B vitamins involved in methylation are:

  • Vitamin B12 is involved in the methylation of homocysteine to methionine, as well as the conversion of methylmalonyl-CoA to succinyl-CoA, a mitochondrial enzyme with energy production capabilities.
  • Folate’s biochemical role also includes one-carbon transfer reactions (as in methylation) and reducing levels of homocysteine.
  • Vitamin B6’s main physiological role in methylation is transamination (removal of nitrogen) and decarboxylation reactions (reduction of carbon).
  • Riboflavin, or Vitamin B2, also plays an essential role in methyl group metabolism and DNA methylation (17).

Dietary Sources: Nutrient-dense sources of these B vitamins include chicken, fish, liver, and dark, leafy greens.

Antioxidants that mitigate adverse health effects from air pollution and stress are also important. Dietary Sources: An example is fatty fish, such as salmon, olive oil, leafy greens, and nuts and seeds.

Adopting a Mediterranean diet can help in regulating DNA methylation patterns. This diet is abundant in antioxidants and polyunsaturated fatty acids (PUFA) and also has anti-inflammatory effects on the body. Moreover, this way of eating comprises nutrient-dense foods that support the body with methyl donors (18).

Studies have shown that adherence to a low glycemic index, Mediterranean Diet, and engaging in regular exercise indicated positive differences in DNA methylation. Whereas following a pro-inflammatory diet, with added sugar and fats, showed negative differences in terms of methylation or epigenetic changes (19). Environmental influences such as nutrition during pregnancy or nutrition of offspring have been shown to induce epigenetic changes during critical periods of development. Modifications of DNA by methylation have also been found to play a role in mental health (20).

Choline, Betaine, and Methionine are also essential nutrients in modulating methylation (21). Choline, for instance, regulates concentrations of S-adenosylhomocysteine and S-adenosylmethionine (SAM), a universal methyl donor. Betaine can methylate homocysteine and also support overall methylation by indirectly affecting folate metabolism. Methionine is essential for the production of  S-adenosylmethionine (SAM), thereby supporting methylation cycles.

Dietary Sources: include beets, eggs, liver, oats, barley, and grass-fed beef.

A Sea of Genetic Information: Promoting a Healthy Microbiome to Support DNA Methylation

The microbiome is an example of how nutrition and lifestyle practices modulate processes in the body that directly influence epigenetics. The trillions of bacteria that make up the gut microbiome, collectively referred to as microbiota, have been shown to play an integral role in DNA methylation (22). In fact, an emerging body of research suggests that the gut microbiome comprises 3.3 million genes. Therefore, the gut microbiome may be a key target for supporting healthy aging and longevity. The microbiome, and thus microbiota, are influenced by the ways in which we nourish ourselves, body and mind. Practices such as movement, hydration, sleep, and stress modulation are all imperative for a healthy microbiome while supporting epigenetics (23). Consuming a nutrient-dense whole foods diet, rich in natural sources of probiotics and prebiotics, can help to repopulate beneficial and diverse strains of bacteria in the gut.

Dietary Sources: Artichokes, miso, kimchi, bananas, garlic, yogurt, and seaweed are some great sources.

The Power of Our Lifestyle

The world of Epigenetics recognizes the impact our daily choices (such as sleep, exercise, nutrition, and stress) have on gene expression from a cellular level, and thereby on our health. We can not only support regulating the functioning of the body’s processes on an optimal cellular level with nutrition but also through focusing on lifestyle factors (24).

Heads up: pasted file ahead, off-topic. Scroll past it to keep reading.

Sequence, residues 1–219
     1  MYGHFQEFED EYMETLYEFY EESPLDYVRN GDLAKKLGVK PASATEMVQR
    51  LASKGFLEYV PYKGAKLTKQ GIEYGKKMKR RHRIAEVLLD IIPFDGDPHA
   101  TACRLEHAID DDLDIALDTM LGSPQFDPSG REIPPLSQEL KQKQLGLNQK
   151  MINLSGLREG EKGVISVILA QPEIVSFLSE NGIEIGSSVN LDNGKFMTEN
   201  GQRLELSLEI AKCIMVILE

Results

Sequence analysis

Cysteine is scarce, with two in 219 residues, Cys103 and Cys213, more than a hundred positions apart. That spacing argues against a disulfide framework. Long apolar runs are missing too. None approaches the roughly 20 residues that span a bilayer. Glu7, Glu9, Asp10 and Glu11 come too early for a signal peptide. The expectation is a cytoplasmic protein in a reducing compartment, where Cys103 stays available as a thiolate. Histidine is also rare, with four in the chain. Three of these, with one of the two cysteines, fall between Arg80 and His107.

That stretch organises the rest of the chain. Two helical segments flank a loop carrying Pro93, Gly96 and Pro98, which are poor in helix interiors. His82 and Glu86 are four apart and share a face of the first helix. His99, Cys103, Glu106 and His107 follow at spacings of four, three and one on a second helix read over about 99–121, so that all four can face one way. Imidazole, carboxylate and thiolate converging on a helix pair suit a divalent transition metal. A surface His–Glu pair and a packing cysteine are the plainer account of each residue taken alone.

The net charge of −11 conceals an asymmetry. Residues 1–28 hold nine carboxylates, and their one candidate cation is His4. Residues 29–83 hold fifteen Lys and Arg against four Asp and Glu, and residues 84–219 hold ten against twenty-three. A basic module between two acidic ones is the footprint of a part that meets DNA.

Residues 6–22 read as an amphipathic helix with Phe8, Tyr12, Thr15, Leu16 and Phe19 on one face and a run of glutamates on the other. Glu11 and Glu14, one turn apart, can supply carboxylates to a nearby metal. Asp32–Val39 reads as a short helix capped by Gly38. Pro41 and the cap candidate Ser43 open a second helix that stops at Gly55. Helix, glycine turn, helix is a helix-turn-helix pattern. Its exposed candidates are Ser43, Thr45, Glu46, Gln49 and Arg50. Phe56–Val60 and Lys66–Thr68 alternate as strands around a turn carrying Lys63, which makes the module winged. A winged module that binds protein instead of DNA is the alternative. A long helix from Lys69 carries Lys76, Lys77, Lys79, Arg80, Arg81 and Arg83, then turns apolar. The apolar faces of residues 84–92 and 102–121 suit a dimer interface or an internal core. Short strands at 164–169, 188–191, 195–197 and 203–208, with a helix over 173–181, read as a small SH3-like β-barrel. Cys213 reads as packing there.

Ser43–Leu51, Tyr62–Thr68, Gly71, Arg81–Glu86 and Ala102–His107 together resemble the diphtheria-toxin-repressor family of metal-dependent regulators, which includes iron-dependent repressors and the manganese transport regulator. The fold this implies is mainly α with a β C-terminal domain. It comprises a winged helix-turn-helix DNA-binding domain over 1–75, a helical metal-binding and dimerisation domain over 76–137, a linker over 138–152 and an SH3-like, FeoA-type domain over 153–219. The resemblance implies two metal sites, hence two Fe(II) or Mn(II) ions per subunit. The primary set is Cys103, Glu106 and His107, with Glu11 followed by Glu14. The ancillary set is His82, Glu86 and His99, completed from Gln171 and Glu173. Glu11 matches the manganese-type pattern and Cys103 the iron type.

1. Regular Exercise – Research indicates that exercise modulates DNA methylation and is associated with a reduced risk of chronic disease (25). Exercise also modulates healthy bacteria in the microbiome, which can further support DNA methylation (26).
  2. Sleep Soundly – As DNA methylation plays a key role in the modulation of gene expression, poor sleep has been associated with an increased risk of cardiometabolic and psychiatric health conditions (27). DNA methylation is critically affected by insufficient sleep (28). Adequate sleep is also significant for supporting microbiome health, having positive implications for health and aging (29).
  3. Be Mindful of Stress – Childhood adversities and other stressors throughout the lifespan can induce health problems by dysregulating the nervous system, microbiome, and immune, metabolic, and hormonal systems. Chronic or prolonged stress can also contribute to imbalances in methylation. This has been found particularly with regard to cardiovascular disease (30).
  4. Modulate Stress with Meditation – Meditation and other practices that support the body and mind in modulating stress can be helpful in supporting methylation and, therefore, health and longevity. These practices can induce a physiological state of relaxation and a sense of well-being (31).


We can exude significant positive effects on methylation patterns by adopting healthy and sustainable lifestyle practices that support balancing methylation. The field of epigenetics research has the potential to provide further insights into how to promote slower biological aging and ultimately improve and prolong health and life quality. DNA Methylation is a biomarker of DNA expression, providing valuable insight into cellular aging and optimal health.

During our event on September 26, Dr. Bland, Dr. Jessica Lasky-Sku, and Ryan Smith will explore biomarkers for epigenetics and DNA methylation, providing us with a more in-depth picture of the many aspects that influence our health and longevity. Epigenetic age clock developments, as well as their applications and implications for practice, will also be discussed. Finally, molecular influences that can be identified by utilizing various data from genomics, epigenomics, metabolomics, and proteomics will also be addressed in terms of clinical utility. We hope you join us for this free, live, virtual webinar on September 26, 2023, from 5-7 p.m. PST! Learn more or register by clicking this link: Advances in DNA Methylation Analysis: The New Frontier for Clinical Diagnostics.